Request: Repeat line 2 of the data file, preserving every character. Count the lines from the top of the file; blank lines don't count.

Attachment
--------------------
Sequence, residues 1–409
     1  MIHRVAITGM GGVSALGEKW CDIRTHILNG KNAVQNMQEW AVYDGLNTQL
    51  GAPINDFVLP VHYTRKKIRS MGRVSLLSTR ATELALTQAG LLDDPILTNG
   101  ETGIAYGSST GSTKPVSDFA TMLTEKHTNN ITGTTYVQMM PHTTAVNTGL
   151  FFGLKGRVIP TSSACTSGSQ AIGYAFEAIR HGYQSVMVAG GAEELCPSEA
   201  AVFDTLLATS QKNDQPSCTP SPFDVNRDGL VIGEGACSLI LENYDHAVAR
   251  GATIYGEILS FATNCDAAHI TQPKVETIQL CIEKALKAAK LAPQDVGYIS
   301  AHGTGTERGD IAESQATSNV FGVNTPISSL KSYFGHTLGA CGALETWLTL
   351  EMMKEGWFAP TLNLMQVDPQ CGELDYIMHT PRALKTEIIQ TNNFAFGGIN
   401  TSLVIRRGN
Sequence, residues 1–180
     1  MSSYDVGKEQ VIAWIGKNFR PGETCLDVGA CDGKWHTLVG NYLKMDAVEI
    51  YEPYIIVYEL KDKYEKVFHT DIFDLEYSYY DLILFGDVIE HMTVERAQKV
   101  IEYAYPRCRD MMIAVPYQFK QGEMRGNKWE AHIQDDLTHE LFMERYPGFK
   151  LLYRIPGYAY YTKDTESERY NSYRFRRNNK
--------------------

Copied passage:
     1  MIHRVAITGM GGVSALGEKW CDIRTHILNG KNAVQNMQEW AVYDGLNTQL